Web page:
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Major world science meetings in New Zealand for first time

Major world science meetings in New Zealand for the first time

7 AUGUST 2014

2000 leading international scientists coming to Auckland
World Science Week New Zealand
24 August – 3 September 2014
Supported by the Royal Society of New Zealand
and the Ministry of Business, Innovation and Employment

AUCKLAND:More than 2,000 of the world’s leading scientists, researchers and government science advisors are coming to New Zealand for an interrelated series of international science summits in Auckland from 25 August to 3 September 2014. All these international science summits are taking place in New Zealand for the first time.

Running concurrently with the scientific meetings is a series of public events around science topics, with some of the world’s foremost experts sharing their insights.

A number of these sessions focus on climate change. At one session, five world-leading scientists will discuss the melting ice sheets and implications this has for sea level rise. An award-winning New Zealand documentary on the topic will also screen one night. How climate change can influence pandemics will be explained by one of the world’s top experts in the field. The effect climate change and other factors can have on future food for the planet will be discussed at the last session by a panel of eminent scientists.

Two other sessions focus on Antarctica from a different perspective: One will share the practical logistical issues of supporting science in Antarctica with the audience, while the other will focus on the groundbreaking astronomy conducted from the South Pole.

Sir Peter Gluckman, Science Advisor to the Prime Minister, will lead a session outlining how New Zealand punches above its weight in the world of science.

Public lecture programme

Sunday 24 August, 11.00am: Wizards on Ice
How organisations supporting scientific research in Antarctica overcome the immense logistical challenges of operating in such a harsh environment.
Monday 25 August, 7.00pm: Science – New Zealand’s place in the world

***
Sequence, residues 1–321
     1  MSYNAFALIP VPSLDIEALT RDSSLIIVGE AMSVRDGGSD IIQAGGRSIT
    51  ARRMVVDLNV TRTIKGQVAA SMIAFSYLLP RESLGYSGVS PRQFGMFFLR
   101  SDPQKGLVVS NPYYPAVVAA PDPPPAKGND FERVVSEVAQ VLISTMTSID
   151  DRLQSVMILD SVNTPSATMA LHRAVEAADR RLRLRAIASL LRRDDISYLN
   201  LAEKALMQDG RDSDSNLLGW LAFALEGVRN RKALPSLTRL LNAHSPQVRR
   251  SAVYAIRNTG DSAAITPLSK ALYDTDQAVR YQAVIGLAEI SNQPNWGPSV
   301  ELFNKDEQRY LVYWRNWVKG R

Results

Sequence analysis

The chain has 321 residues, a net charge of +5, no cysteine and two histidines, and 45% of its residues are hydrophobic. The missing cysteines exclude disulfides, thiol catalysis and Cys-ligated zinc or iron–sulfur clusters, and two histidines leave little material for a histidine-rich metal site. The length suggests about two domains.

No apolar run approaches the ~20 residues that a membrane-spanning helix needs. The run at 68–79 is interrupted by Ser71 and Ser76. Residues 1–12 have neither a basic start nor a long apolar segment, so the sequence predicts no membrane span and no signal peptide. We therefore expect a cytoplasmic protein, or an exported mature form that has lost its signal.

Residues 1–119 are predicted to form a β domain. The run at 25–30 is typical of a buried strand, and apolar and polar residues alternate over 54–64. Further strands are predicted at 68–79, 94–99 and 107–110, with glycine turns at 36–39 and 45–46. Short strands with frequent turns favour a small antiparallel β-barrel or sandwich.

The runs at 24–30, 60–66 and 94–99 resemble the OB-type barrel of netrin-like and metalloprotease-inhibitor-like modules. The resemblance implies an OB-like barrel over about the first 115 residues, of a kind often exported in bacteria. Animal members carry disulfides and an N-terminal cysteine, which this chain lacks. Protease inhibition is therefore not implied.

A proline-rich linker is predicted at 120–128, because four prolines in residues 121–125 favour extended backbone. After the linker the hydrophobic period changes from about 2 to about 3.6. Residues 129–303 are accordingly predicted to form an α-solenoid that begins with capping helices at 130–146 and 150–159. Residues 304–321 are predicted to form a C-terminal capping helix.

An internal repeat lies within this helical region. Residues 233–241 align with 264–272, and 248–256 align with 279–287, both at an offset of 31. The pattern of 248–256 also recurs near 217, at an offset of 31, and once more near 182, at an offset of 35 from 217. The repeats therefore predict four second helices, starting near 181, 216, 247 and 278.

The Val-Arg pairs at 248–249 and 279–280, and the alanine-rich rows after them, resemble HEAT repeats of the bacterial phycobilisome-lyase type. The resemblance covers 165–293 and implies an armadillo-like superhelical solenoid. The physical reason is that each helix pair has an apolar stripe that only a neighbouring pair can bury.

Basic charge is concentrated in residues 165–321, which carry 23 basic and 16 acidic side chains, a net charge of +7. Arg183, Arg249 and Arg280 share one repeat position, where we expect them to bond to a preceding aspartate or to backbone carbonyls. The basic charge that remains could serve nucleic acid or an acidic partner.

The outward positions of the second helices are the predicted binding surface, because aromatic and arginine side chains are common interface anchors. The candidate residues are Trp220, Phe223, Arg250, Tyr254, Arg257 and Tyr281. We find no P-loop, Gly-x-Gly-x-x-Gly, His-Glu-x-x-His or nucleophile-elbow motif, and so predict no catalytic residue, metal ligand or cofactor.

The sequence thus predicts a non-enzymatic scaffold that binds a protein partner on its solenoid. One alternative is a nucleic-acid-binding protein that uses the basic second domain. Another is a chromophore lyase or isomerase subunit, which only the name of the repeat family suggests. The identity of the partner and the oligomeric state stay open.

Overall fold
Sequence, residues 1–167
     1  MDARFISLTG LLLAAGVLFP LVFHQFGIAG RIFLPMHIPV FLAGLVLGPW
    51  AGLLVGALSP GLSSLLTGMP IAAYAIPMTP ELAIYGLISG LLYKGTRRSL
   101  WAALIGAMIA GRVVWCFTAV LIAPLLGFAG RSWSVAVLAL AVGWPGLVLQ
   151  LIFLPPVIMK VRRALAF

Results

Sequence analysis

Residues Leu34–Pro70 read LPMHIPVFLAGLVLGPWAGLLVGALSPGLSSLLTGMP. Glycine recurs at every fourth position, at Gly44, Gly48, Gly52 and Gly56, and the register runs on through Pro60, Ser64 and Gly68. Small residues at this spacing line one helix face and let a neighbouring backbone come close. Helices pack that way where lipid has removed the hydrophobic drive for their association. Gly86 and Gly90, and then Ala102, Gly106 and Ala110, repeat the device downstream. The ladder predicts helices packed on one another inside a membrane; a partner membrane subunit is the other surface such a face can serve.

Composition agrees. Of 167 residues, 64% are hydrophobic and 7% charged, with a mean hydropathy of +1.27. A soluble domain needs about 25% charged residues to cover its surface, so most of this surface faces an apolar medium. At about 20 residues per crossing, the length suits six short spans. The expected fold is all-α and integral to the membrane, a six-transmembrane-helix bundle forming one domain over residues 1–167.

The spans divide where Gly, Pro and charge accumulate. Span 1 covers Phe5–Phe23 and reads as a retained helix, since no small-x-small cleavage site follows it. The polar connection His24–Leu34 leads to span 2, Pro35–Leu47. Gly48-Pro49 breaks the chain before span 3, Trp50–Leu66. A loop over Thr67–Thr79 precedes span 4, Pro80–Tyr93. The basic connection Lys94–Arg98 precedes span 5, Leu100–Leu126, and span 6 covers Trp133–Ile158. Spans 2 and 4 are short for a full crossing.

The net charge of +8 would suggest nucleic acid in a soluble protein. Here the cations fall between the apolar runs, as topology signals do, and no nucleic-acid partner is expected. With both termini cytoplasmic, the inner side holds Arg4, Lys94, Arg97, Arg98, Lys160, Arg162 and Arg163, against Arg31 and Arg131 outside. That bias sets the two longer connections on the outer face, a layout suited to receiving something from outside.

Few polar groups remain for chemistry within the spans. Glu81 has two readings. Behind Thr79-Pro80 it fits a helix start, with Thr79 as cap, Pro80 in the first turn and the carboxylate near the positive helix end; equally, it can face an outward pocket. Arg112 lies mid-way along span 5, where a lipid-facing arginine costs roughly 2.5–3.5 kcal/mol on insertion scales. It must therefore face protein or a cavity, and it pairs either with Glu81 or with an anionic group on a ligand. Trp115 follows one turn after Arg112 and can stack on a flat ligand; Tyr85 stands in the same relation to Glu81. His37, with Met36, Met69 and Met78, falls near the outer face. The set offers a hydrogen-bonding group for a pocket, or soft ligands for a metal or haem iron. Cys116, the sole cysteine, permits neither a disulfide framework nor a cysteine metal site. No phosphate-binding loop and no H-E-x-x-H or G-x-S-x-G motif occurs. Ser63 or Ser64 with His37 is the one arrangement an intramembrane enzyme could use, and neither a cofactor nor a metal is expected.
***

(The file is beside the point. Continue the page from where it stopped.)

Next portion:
New Zealand-led initiatives are now providing a blueprint for international collaboration in science.

Tuesday 26 August, 7.00pm: Melting Ice, Rising Sea
The impact melting ice caps can have on sea level rise, includes geostatic rebound and ocean currents, with specific reference to the New Zealand coastline.
Wednesday 27 August, 7.00pm: From the Big Bang to Tomorrow
Astronomical observations from the giant IceCube and other observatories in Antarctica is revealing echoes of the Big Bang and provides clues about the future of our planet.
Thursday 28 August, 7.30pm: Thin Ice – the Inside Story of Climate Science
A special screening of the internationally awarded New Zealand documentary Thin Ice, at the Victoria Theatre, Devonport. Introduced by producer Prof. Peter Barrett.
Friday 29 August, 7.00pm: Pandemics & Climate Change
Climate change can have a significant impact on the incidence and severity of pandemics in the future. The world’s foremost experts explain what might lie in store for us.
Saturday 30 August, 12.00 noon: Future Food for the Planet
The soil literally feeds the world, but is itself being depleted. Food security is essential at a time of climatic change.

Speakers include:
•Dr David Carlson, Director World Climate Research Programme, Geneva.
•Prof Nils Stenseth, global authority on pandemics and climate change.
•Prof Jonathan Bamber, geographer who discovered a mega-canyon beneath the Central Greenland ice sheet.
•Prof Bryan Storey, New Zealand geologist who researches evolution of the Earth System through time.
•Prof Rob DeConto, paleoclimatologist who applies ice sheet models in both hemispheres to future climate scenarios.
•Prof Stephen Nortcliff, soil scientist studying organic amendments in soils, including ways of using waste to feed soil.
•Dr Steve Rintoul, leading authority on the circulation of the Southern Ocean and how it affects global climate systems. Also coordinating lead author on the Fifth Assessment Report of the Intergovernmental Panel on Climate Change (IPCC).

The full public programme is available on

International science meetings
The international science meetings include:
•The 31st triennial General Assembly of the International Council for Science (ICSU). Established in 1931 and based in Paris, ICSU represents more than 121 national science academies and 31 scientific unions. 31 August – 3 September
•The 6th biennial Open Science Conference of the Scientific Committee on Antarctic Research (SCAR), an interdisciplinary committee of the International Council for Science. With more than 1000 attendees, it is by far the largest international gathering of Antarctic scientists. 25 August – 3 September
•The 4th biennial United States - New Zealand Joint Committee Meeting on Science and Technology Cooperation (JCM). 25 –26 August
•The Science and Diplomacy Symposium, focusing on how scientists can input into foreign affairs. 27 August
•Inaugural Science Advice to Governments conference involving the world’s most eminent science advisors. 28 – 29 August
•The 2nd APEC Chief Science Advisors and equivalents meeting, a forum for informal discussion on the science and policy interface amongst science advisors to the highest level of government within APEC economies. 30 August


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